While the recent return of Mike Stoops as a defensive coach in Norman has been universally applauded by Sooner fans, the news that current defensive coordinator Brent Venables is considering offers from other schools has had mixed reactions.
Many fans of the team in Crimson and Cream would like nothing more than for Venables to take his skills to another location. A popular opinion on many message boards is that Oklahoma would be better off without him.
While Venables may not have fielded the best OU defenses over the past couple of seasons, the man has always been a major asset for the program. He is a relentless recruiter and an outstanding linebackers coach.
As recently as 2009, the Sooners' eighth-ranked defense was the strength of a team reeling from the loss of Sam Bradford, Jermaine Gresham and almost the entire offensive line.
He has also coached two different defenses that were good enough to get OU into the BCS championship game and he did it without Stoops calling the shots.
How quick some are to forget that the best defenses of the Stoops era were coached by both Mike Stoops and Brent Venables as co-defensive coordinators. While there is little doubt that Stoops was the "main man" in charge, who knows how he would have done without his buddy Venables to bounce ideas off of?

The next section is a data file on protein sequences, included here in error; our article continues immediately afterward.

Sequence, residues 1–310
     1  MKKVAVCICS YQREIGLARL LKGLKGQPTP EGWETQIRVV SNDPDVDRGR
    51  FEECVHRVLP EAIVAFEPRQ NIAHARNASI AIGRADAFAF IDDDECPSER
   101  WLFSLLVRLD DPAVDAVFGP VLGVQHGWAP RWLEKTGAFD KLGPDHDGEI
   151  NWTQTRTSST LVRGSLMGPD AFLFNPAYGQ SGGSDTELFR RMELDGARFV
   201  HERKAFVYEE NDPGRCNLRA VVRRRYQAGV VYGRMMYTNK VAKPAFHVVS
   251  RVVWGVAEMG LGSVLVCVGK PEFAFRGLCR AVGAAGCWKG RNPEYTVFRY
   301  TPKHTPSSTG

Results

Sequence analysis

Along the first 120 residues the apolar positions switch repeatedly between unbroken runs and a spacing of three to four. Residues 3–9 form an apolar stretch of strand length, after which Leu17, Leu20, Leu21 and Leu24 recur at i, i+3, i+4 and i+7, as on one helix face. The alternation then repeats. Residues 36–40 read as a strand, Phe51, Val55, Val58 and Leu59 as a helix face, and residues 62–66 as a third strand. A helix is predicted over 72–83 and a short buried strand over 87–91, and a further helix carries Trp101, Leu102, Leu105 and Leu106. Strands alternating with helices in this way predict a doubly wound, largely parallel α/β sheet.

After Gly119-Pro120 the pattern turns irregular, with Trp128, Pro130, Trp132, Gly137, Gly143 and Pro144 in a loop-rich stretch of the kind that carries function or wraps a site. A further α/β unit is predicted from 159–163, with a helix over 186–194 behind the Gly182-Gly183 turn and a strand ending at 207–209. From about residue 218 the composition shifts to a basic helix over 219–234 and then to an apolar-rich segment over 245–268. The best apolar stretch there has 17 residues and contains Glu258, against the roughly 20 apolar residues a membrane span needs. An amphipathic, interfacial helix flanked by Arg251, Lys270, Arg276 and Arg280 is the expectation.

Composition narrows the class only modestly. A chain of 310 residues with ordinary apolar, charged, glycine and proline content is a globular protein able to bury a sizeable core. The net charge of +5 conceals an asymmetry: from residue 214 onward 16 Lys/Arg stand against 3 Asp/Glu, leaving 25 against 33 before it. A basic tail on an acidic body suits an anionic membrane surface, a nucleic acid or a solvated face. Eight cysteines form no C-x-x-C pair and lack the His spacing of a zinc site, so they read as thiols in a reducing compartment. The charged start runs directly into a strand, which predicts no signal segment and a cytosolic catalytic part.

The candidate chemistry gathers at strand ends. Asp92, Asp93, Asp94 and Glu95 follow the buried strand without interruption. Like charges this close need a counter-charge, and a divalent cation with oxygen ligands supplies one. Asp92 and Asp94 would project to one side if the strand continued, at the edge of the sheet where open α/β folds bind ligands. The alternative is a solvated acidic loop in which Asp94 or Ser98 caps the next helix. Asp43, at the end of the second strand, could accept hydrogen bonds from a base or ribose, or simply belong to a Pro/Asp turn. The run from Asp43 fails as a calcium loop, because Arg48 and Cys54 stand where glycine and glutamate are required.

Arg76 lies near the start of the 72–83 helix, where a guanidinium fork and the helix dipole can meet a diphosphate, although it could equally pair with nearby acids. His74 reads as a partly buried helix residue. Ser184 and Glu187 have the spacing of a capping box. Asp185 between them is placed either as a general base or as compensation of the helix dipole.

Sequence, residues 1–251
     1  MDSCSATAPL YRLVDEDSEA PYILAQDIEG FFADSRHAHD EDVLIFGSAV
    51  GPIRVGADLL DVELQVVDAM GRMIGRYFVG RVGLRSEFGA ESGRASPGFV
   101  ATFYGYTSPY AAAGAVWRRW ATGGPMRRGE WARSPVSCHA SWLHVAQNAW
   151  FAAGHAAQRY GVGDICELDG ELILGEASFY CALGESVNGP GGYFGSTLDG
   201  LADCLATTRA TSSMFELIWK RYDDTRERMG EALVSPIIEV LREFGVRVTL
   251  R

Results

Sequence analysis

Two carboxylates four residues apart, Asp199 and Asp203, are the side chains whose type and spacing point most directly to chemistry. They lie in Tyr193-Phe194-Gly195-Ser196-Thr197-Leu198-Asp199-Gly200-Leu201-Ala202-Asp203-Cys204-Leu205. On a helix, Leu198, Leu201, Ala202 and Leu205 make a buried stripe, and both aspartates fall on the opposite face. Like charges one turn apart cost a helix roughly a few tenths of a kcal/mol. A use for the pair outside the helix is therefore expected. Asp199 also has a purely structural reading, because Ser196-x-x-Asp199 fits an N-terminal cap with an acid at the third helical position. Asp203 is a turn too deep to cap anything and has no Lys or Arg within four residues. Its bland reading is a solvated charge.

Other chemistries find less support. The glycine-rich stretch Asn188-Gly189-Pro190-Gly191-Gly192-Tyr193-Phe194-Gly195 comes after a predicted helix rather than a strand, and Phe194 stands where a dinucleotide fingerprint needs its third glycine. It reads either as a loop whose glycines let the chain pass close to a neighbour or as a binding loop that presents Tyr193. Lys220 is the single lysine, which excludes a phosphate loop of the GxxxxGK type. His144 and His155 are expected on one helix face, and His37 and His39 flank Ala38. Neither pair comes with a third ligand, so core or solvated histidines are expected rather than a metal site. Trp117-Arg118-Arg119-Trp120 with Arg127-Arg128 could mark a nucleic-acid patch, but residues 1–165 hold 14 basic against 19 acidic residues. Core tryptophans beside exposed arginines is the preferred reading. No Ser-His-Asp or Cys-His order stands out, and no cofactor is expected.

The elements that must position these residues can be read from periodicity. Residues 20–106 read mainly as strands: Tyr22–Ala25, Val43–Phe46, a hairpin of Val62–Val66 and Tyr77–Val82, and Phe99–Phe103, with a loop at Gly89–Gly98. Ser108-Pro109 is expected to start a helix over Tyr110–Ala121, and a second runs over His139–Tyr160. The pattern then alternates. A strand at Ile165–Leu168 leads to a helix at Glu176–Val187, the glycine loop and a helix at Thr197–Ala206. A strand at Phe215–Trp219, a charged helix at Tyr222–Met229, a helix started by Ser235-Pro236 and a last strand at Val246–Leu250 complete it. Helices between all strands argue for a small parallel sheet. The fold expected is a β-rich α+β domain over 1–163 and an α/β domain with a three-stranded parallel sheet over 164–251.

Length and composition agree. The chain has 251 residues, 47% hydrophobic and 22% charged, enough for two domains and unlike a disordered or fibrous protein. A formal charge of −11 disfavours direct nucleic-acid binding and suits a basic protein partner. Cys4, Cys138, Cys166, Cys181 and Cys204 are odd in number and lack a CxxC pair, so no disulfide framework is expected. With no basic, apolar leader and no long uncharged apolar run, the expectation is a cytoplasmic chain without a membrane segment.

It is already known that the two of them together have the capability of producing a top-notch defense. Do Sooner fans really want to roll the dice and hope that Stoops alone will be able to duplicate the success they produced from 1999-'03?
Stoops has not coordinated a defense in eight seasons and having Venables there with him will surely help make the transition as smooth as possible.
It is also the best scenario for Venables. While taking over the defense at a West Virginia or Clemson would be a crap shoot, at best, a few more years of coordinating top-ranked defenses on the Oklahoma staff and he will once again be a hot commodity in the coaching ranks.
The Sooner nation should all hope Venables makes the right decision and stays at Oklahoma.